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I thought I would share another "episode" from Ali. She writes, often, about aspects of Mozambique that wouldn't occur to me to write about. Hope you enjoy some of Ali's thoughts, too!
I don't understand why Mozambique suffers from all the problems that they do, but I do have some ideas. I think a lot of it, again, is lack of good information. I've found numerous errors in the 8th grade biology text, and I've heard midwives suggesting pregnant mothers drink less water when they're thirsty because they are big. Misinformation breeds more misinformation and ignorance. Also, I can imagine that people here are still suffering the effects of war and colonization that took away their personal powers. I see a lot of people abusing power here. Community leaders expect people to bow down to them and treat them as royalty. Professors want power over their students, and men want power over their wives. Even the faculties of the teacher training college and vocational school are in constant feud, each demanding more respect, and more privileges than the other. This is a never-ending circle, because those who follow fall in the footsteps of those who lead. It as if everyone in this country is on a power trip like high school seniors, trying deliberately to make the lives of others miserable, so others suffer as they did. I think laziness may be derived from this too, because students who see that a privilege of the accomplished is laziness, will sink into that role when they are teachers. But then again, most people aren't in the field for the love of teaching either, it's more an issue of a generous (12-16 US dollars) paycheck at the end of the week.
I am realizing, though, that this craving for power is prevalent in our own land too. I hear that injury from abuse is the leading cause of hospitalization for women in the States even today. And the most powerful country in the world is scared of losing it's controlling grasp, and therefore decides to bully (in my opinion) other countries to show who is boss. I guess we all have a lot to learn.
But enough of this... From time to time I do manage to escape the school and travel a bit. Getting around in one of the poorest countries in the world has a meaning completely different than in a place like the United States. The getting there and back part is most of the adventure. To begin with, there are relatively few roads in the entire country, due to the war, poverty, corruption, and bad rainfalls that mess up any sort of cheaply rebuilt roads. I guess the upshot of having only a few main roads, is that it's harder to get lost! It is relatively easy to pick up a ride from a number of points along this road, as long as its during daylight hours. After that, leave it up to fate to carry you home via myriad modes of transport. Caitlyn and I spent a three hour “day” at the beach last weekend which required 11 hours of round trip travel time, on 10 different rides. I realized that as long as you don't die, it really is a fun way to live. Generally, the less developed a country, the fewer regulations people have to follow. Which makes it all quite dangerous for sure (and this fact has actually caused me a great deal of internal anxiety), but I have to admit its wonderful to ride standing up on top of a huge lumber truck, hair in the wind, talking to locals. Also fun is riding in the cab of a Zimbabwean tractor trailer (I know I promised I'd stay away from the infamous southern African truckers, mom, but I SWEAR the ride wasn't that unsafe)...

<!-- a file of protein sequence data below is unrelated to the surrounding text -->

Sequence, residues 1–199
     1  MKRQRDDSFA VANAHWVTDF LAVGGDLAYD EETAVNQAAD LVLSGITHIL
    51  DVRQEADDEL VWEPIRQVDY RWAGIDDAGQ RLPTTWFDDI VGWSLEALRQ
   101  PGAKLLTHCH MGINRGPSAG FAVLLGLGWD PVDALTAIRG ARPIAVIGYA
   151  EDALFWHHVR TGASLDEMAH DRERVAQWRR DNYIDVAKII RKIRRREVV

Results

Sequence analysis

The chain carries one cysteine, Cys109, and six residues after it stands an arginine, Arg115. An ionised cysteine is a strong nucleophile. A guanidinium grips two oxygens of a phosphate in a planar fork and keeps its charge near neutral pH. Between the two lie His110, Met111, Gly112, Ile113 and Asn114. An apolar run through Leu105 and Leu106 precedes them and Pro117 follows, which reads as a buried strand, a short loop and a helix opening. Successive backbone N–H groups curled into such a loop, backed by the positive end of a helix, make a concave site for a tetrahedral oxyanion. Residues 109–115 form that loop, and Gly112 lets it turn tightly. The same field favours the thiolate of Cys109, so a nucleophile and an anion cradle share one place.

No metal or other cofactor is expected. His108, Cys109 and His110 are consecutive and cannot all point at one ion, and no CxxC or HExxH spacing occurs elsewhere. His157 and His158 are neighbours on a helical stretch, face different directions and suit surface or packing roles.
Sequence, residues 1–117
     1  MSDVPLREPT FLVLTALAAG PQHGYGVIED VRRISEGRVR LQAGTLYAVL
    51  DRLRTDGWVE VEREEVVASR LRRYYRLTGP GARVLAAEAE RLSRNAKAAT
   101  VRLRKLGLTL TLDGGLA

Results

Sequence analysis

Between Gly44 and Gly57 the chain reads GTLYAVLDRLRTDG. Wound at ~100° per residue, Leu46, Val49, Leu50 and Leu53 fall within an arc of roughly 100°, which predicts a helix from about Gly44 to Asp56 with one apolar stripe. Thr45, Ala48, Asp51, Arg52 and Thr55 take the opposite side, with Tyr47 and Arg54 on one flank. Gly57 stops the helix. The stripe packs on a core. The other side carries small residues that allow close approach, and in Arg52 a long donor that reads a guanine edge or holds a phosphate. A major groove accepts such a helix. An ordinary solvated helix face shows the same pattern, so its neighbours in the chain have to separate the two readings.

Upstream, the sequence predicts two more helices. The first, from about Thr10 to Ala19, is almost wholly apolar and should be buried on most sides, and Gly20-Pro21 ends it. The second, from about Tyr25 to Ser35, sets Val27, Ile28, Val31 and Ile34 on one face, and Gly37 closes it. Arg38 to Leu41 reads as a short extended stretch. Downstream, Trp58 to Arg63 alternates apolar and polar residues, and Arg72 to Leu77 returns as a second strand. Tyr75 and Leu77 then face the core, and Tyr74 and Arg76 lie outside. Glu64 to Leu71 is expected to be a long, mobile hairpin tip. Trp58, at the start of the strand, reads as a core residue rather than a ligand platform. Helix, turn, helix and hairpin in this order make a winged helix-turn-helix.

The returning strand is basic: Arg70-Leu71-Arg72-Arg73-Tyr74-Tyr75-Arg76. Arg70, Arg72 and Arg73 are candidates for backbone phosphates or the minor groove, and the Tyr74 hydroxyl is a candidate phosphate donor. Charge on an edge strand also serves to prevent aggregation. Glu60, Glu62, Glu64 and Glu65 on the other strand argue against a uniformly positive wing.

But actually, the majority of our transportation is via chapa, the minibuses that comprise the public transport system of Mozambique. If you've ever been on an uncomfortable Greyhound ride, come to Mozambique and you will call your prior experience luxurious. Imagine a rickety old bus filled to capacity, three times over. Literally, 3 or 4 people thick in each gap between seats. Standing for hours, strangers draping over you, with, of course, no bathroom. Again, without regulations, one more passenger means more profit. Most of the chapas, though, are smaller minibuses with a western capacity of 12; here they hold no fewer than 22. Foot space is usually occupied by large bags of rice or straw mats. Don't be surprised if someone else's baby is plopped in your lap for a few minutes, or hours. There very well may be a chicken squawking on your feet. And those stunts that are only real on McGuyver and action flicks with Harrison Ford where men move from the back to the front on the OUTSIDE of the bus before opening the door and climbing in, all while speeding down a pot-holed road against on-coming traffic... yeah, that happens here all the time too. And when Bryan Adam's "Summer of '69" comes blasting from the radio, we Americans seem to be the only ones who are the least bit fazed by this bizarre reality. The old man sitting next to me with a hand-me-down Betty Boop T-shirt doesn't seem too impressed by the whole thing, and looking at the man with the tired-looking "screw you" South Park ski cap, my first instinct is to laugh at the irony of it all. But sometimes, it all just makes me feel sad.
Ali can be reached via email: alipinschmidt[at]yahoo.com (Copy & Paste)
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